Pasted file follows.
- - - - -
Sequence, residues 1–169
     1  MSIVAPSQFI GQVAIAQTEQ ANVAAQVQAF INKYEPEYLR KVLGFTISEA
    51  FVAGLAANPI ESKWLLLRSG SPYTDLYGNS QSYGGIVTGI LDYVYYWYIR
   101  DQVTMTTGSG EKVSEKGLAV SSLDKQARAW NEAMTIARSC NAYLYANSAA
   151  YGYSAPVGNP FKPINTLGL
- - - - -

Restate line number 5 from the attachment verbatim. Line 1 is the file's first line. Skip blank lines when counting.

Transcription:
   151  YGYSAPVGNP FKPINTLGL